In our previous blog, The Ethics Quagmire: Case Studies you might have read the case study by Kathy Tannous concerning the difficulties she has faced getting ethics approval from three ethics committees. But are there problems closer to home for researchers, in their own institutions, even when only one HREC is involved? We think so. But the solution may also lie with these institutions, in the better application of existing guidelines. We explain how below.
Earlier this year, the Productivity Commission handed the Australian Government its report on Data Availability and Use and Research Australia is working with the Taskforce within the Prime Minister’s Department who is developing the Government’s response. A particular area of focus for us, as the national peak body for the medical research pipeline, is the Productivity Commission’s recommendations on Human Research Ethics Committees (HRECs).
HRECs are responsible for providing ethics approval for most publicly funded human research in Australia that involves people; the research can’t proceed without it. This includes research as diverse as a clinical trial, where patients are receiving experimental new medications and treatments, to surveys and research using existing datasets- the types of data based research considered by the Productivity Commission.
The Commission’s recommendations were in response to testimony from researchers about how long delays in securing ethics approval to conduct research with existing datasets were delaying, and in some cases preventing, the research. This is research with the potential to save lives, to make our health system safer and more efficient, and to help prevent disease and injuries. The Productivity Commission’s recommendations in relation to HRECs focused on streamlining the ethics approval process. Specific actions include that all HRECs should be registered with and subject to audit by the National Health and Medical Research Council; and that they should accept approvals provided by other registered HRECs (mutual acceptance).
There is no doubt that ethics approval processes for research using datasets can be improved and the Commission’s recommendations are good but they will take time, perhaps years, to implement, assuming they are accepted by the Government. In the meantime, Research Australia thinks there is more that can be done within the existing rules to improve the process.
Registered HRECs operate under a set of guidelines called the National Statement on Ethical Conduct in Human Research (‘the Statement’). Quite sensibly, this Statement recognises that not all types of research are the same, or pose the same kinds of risks to people. For example, the risk of death or injury associated with undergoing a new surgery technique is of much greater consequence than the inadvertent public release of some of your personal health information from a dataset of Medicare data being investigated by researchers. The latter might be embarrassing but it’s not going to physically injure you. And what about research that uses data where individual identifying information has been removed? What is the risk here and what are the ethical implications?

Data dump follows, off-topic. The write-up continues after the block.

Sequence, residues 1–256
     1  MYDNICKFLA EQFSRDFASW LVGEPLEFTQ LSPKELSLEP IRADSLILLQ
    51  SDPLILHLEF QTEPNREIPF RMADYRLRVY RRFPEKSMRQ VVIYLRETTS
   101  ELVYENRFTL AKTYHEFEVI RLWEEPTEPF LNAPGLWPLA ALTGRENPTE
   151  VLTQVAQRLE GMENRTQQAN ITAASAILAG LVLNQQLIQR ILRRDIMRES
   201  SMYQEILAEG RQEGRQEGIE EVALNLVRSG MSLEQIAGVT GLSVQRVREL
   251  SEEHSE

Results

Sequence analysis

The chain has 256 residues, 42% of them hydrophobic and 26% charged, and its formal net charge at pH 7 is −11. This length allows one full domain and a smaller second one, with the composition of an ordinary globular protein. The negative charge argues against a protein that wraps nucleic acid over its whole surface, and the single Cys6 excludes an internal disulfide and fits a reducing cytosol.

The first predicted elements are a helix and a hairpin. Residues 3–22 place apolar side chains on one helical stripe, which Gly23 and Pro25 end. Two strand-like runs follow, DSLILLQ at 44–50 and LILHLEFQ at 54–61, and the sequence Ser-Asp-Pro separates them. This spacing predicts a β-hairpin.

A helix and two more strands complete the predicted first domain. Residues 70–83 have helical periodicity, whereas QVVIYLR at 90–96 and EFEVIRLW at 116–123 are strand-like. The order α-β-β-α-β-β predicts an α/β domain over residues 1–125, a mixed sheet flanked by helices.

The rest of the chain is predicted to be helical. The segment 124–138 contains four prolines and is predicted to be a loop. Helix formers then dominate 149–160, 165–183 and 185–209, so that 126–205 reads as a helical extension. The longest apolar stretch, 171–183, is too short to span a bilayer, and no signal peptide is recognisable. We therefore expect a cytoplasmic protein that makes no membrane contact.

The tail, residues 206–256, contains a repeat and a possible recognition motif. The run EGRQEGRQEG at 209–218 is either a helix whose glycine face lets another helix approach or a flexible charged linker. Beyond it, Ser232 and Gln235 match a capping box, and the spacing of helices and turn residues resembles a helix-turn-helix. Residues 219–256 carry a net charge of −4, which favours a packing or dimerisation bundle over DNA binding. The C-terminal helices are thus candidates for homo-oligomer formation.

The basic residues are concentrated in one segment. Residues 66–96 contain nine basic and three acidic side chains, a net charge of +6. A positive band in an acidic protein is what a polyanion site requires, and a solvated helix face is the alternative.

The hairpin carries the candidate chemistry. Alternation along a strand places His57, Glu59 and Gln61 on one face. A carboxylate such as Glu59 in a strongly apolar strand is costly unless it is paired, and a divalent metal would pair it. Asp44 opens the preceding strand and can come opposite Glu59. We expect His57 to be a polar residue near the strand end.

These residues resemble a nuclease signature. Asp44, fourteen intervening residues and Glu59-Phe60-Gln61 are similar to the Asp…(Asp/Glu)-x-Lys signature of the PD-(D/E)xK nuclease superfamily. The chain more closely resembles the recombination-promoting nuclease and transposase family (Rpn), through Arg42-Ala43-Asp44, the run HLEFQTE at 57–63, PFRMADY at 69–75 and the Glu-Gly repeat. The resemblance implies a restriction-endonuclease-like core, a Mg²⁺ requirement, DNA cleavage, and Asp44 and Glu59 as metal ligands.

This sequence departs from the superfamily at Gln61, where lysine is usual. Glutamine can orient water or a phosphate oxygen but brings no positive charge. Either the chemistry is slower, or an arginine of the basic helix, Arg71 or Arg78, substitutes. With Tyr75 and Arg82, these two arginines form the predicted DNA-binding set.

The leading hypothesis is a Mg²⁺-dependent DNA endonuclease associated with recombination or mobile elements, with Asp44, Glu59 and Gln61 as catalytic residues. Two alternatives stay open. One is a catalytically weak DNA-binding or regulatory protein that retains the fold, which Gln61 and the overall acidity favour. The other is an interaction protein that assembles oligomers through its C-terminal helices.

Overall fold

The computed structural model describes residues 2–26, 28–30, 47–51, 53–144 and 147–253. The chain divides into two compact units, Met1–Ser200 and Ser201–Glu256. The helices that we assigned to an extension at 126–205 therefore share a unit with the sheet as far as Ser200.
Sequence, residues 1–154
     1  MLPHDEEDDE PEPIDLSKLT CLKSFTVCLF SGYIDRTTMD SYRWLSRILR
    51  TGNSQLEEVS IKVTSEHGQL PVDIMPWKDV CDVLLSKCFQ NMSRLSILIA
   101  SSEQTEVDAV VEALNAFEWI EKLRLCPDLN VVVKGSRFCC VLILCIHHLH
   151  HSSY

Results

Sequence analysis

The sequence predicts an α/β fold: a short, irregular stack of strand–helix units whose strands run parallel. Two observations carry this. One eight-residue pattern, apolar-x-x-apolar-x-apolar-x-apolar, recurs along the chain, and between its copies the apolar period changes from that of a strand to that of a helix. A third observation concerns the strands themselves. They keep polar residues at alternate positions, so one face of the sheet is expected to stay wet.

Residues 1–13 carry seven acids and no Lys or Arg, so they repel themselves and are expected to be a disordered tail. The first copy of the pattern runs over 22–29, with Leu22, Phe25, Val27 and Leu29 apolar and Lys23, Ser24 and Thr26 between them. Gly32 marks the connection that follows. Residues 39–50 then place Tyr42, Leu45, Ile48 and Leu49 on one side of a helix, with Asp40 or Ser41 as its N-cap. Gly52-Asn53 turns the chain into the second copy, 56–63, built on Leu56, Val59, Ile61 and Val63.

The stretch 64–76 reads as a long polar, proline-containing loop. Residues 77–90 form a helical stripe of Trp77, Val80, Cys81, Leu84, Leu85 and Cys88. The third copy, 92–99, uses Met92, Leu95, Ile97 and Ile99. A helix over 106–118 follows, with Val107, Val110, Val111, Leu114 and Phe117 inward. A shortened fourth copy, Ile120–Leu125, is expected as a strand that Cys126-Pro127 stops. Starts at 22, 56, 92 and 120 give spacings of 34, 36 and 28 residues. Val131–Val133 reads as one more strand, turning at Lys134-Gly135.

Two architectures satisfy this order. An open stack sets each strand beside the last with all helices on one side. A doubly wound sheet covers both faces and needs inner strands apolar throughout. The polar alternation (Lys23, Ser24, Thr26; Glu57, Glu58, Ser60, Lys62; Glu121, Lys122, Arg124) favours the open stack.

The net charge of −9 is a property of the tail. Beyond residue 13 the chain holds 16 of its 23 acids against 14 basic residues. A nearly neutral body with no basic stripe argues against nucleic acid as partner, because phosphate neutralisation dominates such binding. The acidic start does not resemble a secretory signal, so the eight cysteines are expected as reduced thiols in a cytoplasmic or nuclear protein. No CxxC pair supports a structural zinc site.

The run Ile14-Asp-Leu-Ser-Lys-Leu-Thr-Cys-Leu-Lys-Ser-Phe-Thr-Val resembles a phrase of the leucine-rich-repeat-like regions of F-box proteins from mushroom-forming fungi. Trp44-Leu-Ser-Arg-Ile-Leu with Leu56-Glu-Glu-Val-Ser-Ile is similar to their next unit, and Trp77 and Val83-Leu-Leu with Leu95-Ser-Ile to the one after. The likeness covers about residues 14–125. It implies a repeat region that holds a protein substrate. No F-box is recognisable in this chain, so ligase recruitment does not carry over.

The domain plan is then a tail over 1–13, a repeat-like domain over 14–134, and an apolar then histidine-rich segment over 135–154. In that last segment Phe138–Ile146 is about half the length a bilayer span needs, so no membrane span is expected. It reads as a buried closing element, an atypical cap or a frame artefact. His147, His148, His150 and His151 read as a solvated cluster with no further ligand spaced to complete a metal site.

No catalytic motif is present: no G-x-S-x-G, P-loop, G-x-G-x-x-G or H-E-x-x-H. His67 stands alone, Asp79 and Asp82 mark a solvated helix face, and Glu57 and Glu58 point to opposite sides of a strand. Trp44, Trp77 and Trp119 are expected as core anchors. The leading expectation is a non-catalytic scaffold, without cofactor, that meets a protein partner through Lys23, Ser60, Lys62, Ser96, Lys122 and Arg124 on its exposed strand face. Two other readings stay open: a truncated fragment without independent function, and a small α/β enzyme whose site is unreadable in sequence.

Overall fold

The Statement provides for these different circumstances by permitting a more streamlined ethics approval process for low risk research, where the worst consequence for a research subject is ‘discomfort’. It also recognises a category of negligible risk, defined as ‘research in which there is no foreseeable risk of harm or discomfort. Where research involves negligible risk and the use of existing collections of data or records that contain only non-identifiable data about human beings, institutions responsible for the research have the option to exempt the research entirely from the ethics process.
So why are researchers using deidentified datasets regularly being asked to subject their research proposals to ethics review? For this type of research, the answer to streamlining research ethics processes appears not to lie in changing HRECs so much as in applying the existing rules properly. Research with datasets where individuals cannot be identified should be routinely exempted from the research ethics process, and those that use identified data and pose a risk of public disclosure should be treated as low risk and subject to the expedited process provided for in the Statement.
Anecdotally at least, it seems that in many cases this is not happening. Research that could be exempted from ethics approval altogether or follow the expedited process is being subjected to the full ethics approval process. While the reasons for this are not entirely clear, we suspect one is misplaced risk aversion on the part of decision makers- why exempt a research application or bring the decision ‘in house’ (streamlining) when it could just be left to the HREC to decide?
Another could be a reluctance to create a separate process for low and negligible risk research proposals when they can just follow the standard process. What this fails to take into account is the extra burden placed on these low risk and negligible risk proposals, and the unnecessary diversion of resources from the consideration of research proposals that pose higher risks and need the full attention of a HREC.
Research Australia plans to undertake more work in this area, to better understand the disincentives to treating low and negligible risk research proposals differently and what can be done to improve existing practices. If you have a view on this please get in contact- we are keen to hear from you.